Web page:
Hi I have a JBL PSW-D110 and it is humming loud. The fuse is not blown. It has always been connected to a surge protector power strip. The power LED lights up in green... I have some knowledge of electronics but I don't have the schematic for this unit. Besides if you could point me directly to the faulty components it would save me lots of time and frustration. Please help.
D. Mark Ellis
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I would say it's a case of bad filter capacitors in the power supply. Without the capacitors, the AC power line doesn't get smoothed out enough when converted to DC by the supply, and you hear the hum that gets through. I have never worked on on one of these so I can't tell you how to open the case to get at the supply. It's not always a simple job. But if you can get at those caps and check them, you'll probably find them at fault. It's not a difficult job to remove and replace bad capacitors if you are comfortable using a soldering iron. Just make sure that replacement parts have at least the same voltage voltage rating and capacitance values as the originals. It never hurts to go higher by a little, but not lower.
There is a standby indication that activates after 10-15 minutes without any input signal. I suspect that might be what the red light is telling you - no signal.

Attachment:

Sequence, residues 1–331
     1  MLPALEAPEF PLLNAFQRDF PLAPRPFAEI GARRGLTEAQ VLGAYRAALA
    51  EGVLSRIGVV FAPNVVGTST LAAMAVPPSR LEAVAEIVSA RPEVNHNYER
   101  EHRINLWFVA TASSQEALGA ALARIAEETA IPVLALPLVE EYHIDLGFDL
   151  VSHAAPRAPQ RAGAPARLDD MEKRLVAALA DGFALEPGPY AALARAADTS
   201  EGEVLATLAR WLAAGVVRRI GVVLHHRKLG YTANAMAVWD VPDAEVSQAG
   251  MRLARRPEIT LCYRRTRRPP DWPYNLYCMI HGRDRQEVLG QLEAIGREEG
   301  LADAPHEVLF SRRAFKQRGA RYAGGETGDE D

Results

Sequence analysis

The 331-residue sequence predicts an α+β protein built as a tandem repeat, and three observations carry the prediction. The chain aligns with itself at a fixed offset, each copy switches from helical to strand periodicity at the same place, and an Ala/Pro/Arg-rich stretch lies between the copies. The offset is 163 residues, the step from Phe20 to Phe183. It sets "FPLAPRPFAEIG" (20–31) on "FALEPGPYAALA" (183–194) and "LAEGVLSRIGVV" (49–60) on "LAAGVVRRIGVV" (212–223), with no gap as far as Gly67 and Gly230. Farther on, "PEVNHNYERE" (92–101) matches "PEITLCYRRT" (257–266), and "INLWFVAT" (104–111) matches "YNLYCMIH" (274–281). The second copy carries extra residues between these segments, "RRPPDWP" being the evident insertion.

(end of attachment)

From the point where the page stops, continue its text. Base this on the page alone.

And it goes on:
Loud hum from a loosened cable is normal as hum usually means there's an ungrounded connection somewhere acting as an antenna and the amp is doing its job to amplify what it thinks is a signal, in this case 60hz stray ac current is being sensed nearby. It's a good sign that you get hum from the sub because that means the amp is alive.
Avoid manipulating cable connections with the Sub or Receiver turned on as you could introduce a static spike that could harm any connected equipment.
Are you certain a bass signal is making it into the sub? The complexities of modern AV receivers vary in how you configure them to direct LFE to a sub. Bone up on that end of the chain.
Or, just hang a CD player on the Inputs of the sub and play something with a reassonable amount of Low Frequencies.
>>>> Be advised that this way of testing has NO VOLUME CONTROL because amps without volume controls always operate at maximum gain, relying on your external controls to attentuate it (hence, the loud hum from a loose cable); so choose a track that eases into the loud parts with some quiet parts up front and BE READY TO PAUSE THE PROGRAM AT ANY SIGNS OF STRESS. <<<<
A living sub will produce only muffled rumble in the absence of other speakers producing the higher frequencies which carry the intelligence of the signal. If that works, back to the receiver for settings. If not... sigh.
For hum problems, even those you cause yourself:
Disconnect all inputs to see if that helps. If it goes away start with the signal cables and add in things until it comes back.
Sometimes the reversing the orientation of the AC plug can help with hum. Or it could be something like a loose or high resistance connection internal to the sub. Good luck.